In the past two years of the NFL Draft, two running backs have been selected in the first round. As NFL defenses get smaller in order to defend the pass, teams are looking to run the football more often. The 2017 NFL Draft running back class is the deepest in many years, and will provide NFL teams with the opportunity to pick up fantastic running back talents in various rounds. More than one back will likely go in the first. Matty Brown shares analysis on the running backs on his watch list for the 2017 draft, with this piece focusing on SEC prospects.
Leonard Fournette, LSU, Junior
Fournette is many people’s favorite to win the Heisman Trophy. The 6’1” 230-pound phenom rushed for 1,935 yards, 6.5 YPC, and 22 touchdowns in 2015. He has enough speed to be a breakaway threat, as well as the power, balance, and body control to run over a defense with 34 of his 1916 rushing yards last season came on runs of 15 yards or longer. His short yardage conversion rate last season was 81.4%. At the same time he had a massive 1,094 yards after contact – the most in the country. Running in a power-i offense and facing eight- or nine-man boxes, Fournette still finds ways to succeed. He demonstrates a clear understanding of the angles of attack, setting up blockers to create running lanes. He would do extremely well running in an inside zone scheme.
The main criticism of Fournette is his lack of lateral quickness, his stiff hips, and his issues creating behind the line of scrimmage. This was best witnessed in LSU’s loss to Alabama last year. The junior’s lack of acceleration takes him longer than some would like to reach his blistering top speed. He has room for improvement in terms of his vision and his ability to lace cuts and jukes together in the open field is lacking. His upright running style exposes him to more blows than backs who keep their shoulders down. The LSU offense will also give him a heavy workload, with a style that is very reliant on the run setting up the play-action. The passing game, led by quarterback Brandon Harris, may take a step back this year after LSU’s line has two new starting offensive tackles on it.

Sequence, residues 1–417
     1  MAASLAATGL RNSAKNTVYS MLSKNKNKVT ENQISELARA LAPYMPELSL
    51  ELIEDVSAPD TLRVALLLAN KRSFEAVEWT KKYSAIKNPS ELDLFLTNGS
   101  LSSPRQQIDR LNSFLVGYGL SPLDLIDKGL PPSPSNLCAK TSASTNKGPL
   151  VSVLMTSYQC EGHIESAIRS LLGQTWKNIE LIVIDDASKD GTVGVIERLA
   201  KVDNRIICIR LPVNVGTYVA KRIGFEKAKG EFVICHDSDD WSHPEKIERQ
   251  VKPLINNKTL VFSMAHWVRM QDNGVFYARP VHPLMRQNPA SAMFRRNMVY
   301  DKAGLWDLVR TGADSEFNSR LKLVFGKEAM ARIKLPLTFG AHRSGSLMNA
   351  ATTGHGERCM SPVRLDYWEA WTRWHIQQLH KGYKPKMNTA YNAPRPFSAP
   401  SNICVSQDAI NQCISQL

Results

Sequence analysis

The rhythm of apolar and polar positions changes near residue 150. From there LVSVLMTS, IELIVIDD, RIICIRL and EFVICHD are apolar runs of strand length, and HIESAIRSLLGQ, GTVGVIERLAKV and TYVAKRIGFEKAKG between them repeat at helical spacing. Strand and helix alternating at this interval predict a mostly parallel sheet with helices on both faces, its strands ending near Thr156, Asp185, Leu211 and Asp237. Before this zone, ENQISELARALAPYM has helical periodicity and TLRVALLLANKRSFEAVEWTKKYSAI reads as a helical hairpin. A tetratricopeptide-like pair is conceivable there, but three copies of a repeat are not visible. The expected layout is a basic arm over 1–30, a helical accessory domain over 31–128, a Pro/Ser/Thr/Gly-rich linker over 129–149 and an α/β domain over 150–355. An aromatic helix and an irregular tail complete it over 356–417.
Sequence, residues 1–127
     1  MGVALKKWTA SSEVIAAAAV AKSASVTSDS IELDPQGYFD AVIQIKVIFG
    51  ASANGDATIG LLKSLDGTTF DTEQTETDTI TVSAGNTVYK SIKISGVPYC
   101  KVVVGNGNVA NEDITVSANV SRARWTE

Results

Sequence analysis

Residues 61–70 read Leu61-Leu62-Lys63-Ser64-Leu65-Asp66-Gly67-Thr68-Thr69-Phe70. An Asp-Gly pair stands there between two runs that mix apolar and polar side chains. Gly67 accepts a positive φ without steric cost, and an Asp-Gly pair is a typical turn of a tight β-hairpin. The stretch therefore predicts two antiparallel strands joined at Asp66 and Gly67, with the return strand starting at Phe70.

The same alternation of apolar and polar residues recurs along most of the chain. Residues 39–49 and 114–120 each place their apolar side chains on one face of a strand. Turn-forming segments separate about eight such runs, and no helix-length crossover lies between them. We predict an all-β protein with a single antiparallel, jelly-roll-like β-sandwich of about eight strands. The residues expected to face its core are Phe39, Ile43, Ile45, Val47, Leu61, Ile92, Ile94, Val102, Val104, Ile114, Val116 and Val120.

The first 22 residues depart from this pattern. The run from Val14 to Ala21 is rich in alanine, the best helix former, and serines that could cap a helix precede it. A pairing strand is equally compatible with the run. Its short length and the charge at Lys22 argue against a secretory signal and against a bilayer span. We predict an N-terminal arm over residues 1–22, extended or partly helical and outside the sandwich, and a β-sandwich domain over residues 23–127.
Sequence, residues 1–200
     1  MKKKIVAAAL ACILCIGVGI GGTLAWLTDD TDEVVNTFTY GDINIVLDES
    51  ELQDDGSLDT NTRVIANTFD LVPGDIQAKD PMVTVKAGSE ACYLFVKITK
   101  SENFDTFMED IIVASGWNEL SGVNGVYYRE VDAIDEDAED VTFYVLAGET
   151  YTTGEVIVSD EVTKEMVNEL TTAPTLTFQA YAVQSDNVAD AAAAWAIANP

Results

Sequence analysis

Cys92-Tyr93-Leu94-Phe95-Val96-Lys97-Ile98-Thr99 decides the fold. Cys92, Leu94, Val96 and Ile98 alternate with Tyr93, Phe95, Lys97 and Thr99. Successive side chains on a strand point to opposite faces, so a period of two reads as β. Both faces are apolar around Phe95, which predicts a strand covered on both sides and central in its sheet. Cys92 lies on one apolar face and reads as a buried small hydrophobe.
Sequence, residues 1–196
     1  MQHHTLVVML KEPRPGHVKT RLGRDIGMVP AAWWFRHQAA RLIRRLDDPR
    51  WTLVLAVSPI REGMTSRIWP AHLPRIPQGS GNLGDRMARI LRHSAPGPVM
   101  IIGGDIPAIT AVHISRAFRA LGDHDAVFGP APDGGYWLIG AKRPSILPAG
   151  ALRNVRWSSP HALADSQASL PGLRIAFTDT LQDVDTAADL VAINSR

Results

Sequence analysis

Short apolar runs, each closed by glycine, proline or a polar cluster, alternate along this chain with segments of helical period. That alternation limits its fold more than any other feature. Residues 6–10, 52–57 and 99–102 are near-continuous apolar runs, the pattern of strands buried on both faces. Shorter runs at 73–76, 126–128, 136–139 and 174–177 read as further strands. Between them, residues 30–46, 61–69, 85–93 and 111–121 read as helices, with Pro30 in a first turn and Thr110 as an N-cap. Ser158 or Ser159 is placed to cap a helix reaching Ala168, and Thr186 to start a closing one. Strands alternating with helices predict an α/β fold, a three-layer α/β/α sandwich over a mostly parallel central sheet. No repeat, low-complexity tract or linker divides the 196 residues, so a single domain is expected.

Nick Chubb, Georgia, Junior
Coming off a devastating knee injury, where he suffered extensive ligament damage to his PCL, MCL, and LCL, Chubb – when fully healthy – may be the best back in college football. One positive sign is that he was a full participant in spring practices, running without a knee brace or wrap and has run extremely well in his first two games this year. He rushed for an astonishing 1,547 yards, starting only eight times as a true freshman after Todd Gurley was injured. His 2015 season appeared to be going the same way, rushing for 747 yards at 8.1 YPC in his six starts. He had 13 consecutive 100 yard games as a freshman, mainly against SEC defenses. Through the first two games this season, he has run for 302 yards, a 5.8 YPC, and two touchdowns.
His combination of physicality, speed, and size (5’10”, 220 lbs) make him a potential bell-cow running back. One knock is that he sometimes bounces outside when he could stay inside, but he still has great scheme versatility, enabling him to be successful in both zone and power schemes. His vision improved from his freshman to his sophomore year. He displays a good understanding of play design, pressing the point of attack well. He also plays with natural leverage, making him hard to bring down, especially when his thick, muscular frame is considered. Most noticeable is that he carries a lot of his weight in his lower half, allowing him to push through contact. As a result, he excels in goal-line situations, where he carries opponents into the end zone. A good offensive line is not a necessity for him, with the ability to constantly run through contact. He gets downhill fast, with elite change of direction skills in the open field. He also has the acceleration to beat men around the edge. When approaching the second level, he is really talented at manipulating and reading defenders, baiting opponents into failing. He has great footwork and really strong cuts, which he gets out of quickly.